In the final scene brothers were able to gain understanding, but their reunion did not last long as Henry drowned in the river. Lyman “returned” him the convertible by sending it in the water too. The story demonstrates many symbols. The color of the convertible is one of them. According to some sources, red symbolizes faith and communication in the Native American culture.
The relationship between the brothers in “The Red Convertible” is in direct correlation with the condition of the car. The story takes place throughout the northern and western parts of the United States, as well as Canada, but the story’s central focus is the car. When Henry first goes away to war the relationship is in good standing. The car is also is good condition when Henry leaves for Vietnam. Upon returning from war, their relationship is not where it was when Henry had left.
The growth of a person can take place through changes that occur within or around their lives. For example, in “The Red Convertible,” Erdrich’s character Lyman is a prime example of growing through change. The change from carefree to serious is triggered through his experience of assisting his brother, Henry’s, psychological transformation after returning from the Vietnam War as a Prisoner of War. Lyman exemplified growth through his attempt to learn how to react to/help his brother. Prior to Henry, his elder brother, leaving for and returning from the Vietnam War, Lyman was carefree.
After researching Louise Erdrich 's life and reading “The Red Convertible”, the best literary elements of the short-story are the car in general, the raging waters, and the boots filling up with water to drown Henry. Louise Erdrich was the child of Ralph Louis and Rita Joanne who had both affiliated with the Bureau of Indian Affairs. Her writing abilities and storytelling came from her family. Around eight years old, everybody in her family from her grandparents to her parents told her stories of how it had been on the Indian reservation during The Great Depression. Her father would mainly tell her stories of his relatives and the previous towns he used to live in.
Louise Erdrich, author of “The Red Convertible,” is the daughter of a German-American father and a Chippewa Indian mother. They were both employed at the Bureau of Indian Affairs boarding school and from an early age, Louise was encouraged by her father to write stories. She says that “my father used to give me a nickel for every story I wrote” (Madden 241). After years of writing, Louise received the National Book Award for Fiction in 2012 for her novel “The Round House.” “The Red Convertible” follows the brotherhood of Lyman Lamartine and Henry Junior and illustrates the symbolization of the red convertible. These brothers followed closely in each other’s footsteps and were always together.
F. Scott Fitzgerald once said, “You don’t write because you want to say something, you write because you have something to say.” Fitzgerald had something great to reveal to his readers in The Great Gatsby. To give some background, the novel is about a man, Nick, who is on the outside peering into the lifestyle of the extremely wealthy. His neighbor, Gatsby, has persistently worked for the past few years to meet Daisy again after he woefully departed from her to fight in the war. In the classic novel The Great Gatsby, Fitzgerald has something to say and he uses effective diction, symbolism, and characterization to convey his idea that Americans must ceaselessly work towards living their own version of the great American Dream but they must not get caught up in wanting too much. On page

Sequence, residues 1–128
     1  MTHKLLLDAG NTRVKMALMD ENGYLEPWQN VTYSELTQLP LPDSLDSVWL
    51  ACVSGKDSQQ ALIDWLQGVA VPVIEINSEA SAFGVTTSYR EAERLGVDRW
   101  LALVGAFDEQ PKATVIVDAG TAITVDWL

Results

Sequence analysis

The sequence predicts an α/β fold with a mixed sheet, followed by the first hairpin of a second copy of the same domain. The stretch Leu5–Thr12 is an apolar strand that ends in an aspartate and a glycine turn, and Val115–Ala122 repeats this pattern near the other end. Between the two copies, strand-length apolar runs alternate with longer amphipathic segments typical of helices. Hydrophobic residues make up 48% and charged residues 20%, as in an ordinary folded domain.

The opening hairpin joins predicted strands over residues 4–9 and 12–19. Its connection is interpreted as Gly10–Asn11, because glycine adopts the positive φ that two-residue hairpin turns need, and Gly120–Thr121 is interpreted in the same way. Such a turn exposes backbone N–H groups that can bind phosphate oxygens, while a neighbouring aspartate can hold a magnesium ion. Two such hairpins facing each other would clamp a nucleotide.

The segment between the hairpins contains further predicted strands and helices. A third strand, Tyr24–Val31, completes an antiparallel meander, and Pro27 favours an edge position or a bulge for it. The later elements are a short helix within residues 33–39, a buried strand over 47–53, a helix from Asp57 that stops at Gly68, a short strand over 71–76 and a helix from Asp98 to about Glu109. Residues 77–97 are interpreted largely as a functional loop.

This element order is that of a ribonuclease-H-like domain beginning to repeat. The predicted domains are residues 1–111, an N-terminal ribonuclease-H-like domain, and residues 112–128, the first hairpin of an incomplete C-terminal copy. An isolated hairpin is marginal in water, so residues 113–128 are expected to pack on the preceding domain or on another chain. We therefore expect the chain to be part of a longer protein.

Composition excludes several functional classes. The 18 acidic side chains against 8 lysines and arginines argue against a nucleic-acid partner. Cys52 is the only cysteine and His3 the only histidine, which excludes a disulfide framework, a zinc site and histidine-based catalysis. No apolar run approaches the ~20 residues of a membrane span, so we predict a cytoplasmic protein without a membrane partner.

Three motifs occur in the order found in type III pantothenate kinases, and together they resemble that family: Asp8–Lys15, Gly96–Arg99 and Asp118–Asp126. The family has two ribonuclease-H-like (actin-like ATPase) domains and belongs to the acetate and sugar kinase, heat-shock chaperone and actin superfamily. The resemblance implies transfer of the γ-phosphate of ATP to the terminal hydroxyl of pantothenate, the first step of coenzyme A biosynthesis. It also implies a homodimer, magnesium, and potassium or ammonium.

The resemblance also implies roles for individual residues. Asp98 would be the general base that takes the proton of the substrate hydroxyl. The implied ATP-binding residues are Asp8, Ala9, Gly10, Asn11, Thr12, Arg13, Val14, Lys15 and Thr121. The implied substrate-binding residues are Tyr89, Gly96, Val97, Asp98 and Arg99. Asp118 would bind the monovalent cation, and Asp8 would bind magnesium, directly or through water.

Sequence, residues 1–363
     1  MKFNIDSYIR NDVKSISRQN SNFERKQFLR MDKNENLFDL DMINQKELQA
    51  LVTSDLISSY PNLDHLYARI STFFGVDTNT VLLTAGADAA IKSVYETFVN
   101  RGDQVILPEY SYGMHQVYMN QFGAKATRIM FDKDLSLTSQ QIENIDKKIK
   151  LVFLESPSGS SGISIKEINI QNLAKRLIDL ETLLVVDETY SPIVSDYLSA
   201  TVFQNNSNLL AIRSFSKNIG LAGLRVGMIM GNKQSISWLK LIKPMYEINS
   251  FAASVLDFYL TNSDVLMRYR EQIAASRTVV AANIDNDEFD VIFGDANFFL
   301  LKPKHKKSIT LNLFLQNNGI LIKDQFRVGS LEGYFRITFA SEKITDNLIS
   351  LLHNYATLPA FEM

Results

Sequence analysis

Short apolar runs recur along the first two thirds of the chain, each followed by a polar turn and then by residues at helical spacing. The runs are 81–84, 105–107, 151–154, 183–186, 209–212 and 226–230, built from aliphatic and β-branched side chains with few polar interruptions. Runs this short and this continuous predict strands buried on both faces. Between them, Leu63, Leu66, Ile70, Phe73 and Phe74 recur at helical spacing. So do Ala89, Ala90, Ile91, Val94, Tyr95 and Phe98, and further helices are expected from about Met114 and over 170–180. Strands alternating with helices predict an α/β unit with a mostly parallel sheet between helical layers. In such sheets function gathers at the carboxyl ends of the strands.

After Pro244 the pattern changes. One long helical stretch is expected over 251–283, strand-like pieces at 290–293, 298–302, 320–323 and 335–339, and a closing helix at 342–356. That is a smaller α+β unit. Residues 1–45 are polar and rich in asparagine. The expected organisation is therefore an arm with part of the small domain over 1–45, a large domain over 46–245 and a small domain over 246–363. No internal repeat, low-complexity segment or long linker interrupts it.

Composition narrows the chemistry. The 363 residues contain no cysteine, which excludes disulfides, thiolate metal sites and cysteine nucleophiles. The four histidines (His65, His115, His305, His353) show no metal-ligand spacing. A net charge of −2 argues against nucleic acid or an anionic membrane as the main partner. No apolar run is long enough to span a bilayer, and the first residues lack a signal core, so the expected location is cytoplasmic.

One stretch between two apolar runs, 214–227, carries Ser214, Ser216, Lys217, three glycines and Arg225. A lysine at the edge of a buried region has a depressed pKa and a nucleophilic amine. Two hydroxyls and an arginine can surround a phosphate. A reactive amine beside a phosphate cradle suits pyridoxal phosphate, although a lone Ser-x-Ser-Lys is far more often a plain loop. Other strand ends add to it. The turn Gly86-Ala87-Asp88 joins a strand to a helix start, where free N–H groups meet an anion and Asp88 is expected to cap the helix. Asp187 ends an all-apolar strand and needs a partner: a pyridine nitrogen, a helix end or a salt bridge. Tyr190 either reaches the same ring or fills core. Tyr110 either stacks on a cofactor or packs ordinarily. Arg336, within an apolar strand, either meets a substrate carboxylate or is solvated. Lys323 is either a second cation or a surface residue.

I would be leaving behind a good life, one full of loving friends and neighbors, in replacement of moving across the country to a place that I had never before seen. Little did I know that I would be in for an adventure of a lifetime. Instead of being practical and flying across the country to California, my parents made me and my four younger brothers hop in a mini-van and drive across the country. When my parents first proposed the idea, I thought they were insane. However, now looking back on it, I am grateful for the experience.
He spends time with their daughter Sue and comes to terms with the death of his wife. Walt showed his sentiments towards their neighbours Vang Lors as he had sympathy for younger Thao who tried stealing his prized Ford Grand Torino. Walt teaches him values of how to be a man and provider for one’s family instead of teaching him his authorities. Walt helps him obtain job for Thao with one of his friends. Walt opens his heart to Thao and Sue by showing his modesty as he starts to realise that he is the same as them.
Tragedies often trigger emotional responses to audiences. It allows an individual to perceive the situation and emotionally respond to it. Sophocles uses the relationships of individuals with one another that incorporate compromise and division between the clashes of stubborn heroism and defeat. In tragedies, one many often feel pity, which can be very relatable to the reader and audiences. This can be evident in “Oedipus the King.” Oedipus is human, regardless of his pride, his intelligence, or his stubbornness and we can recognize this in his reaction to his wrongdoings.
Frazier, being a huge fan of Crazy Horse, had inquired of Le on the street one day if he was Sioux. Le replied that he was in fact a Sioux, and that Crazy Horse was his “gran’father”. They bonded over the stories that Ian had researched and Le had confirmed as truth. Frazier states he has many friends, but Le is the only one he has encountered on the street, with a friendship going on 20 years. Le is a different looking person, who would stand out in a crowd just by his height alone.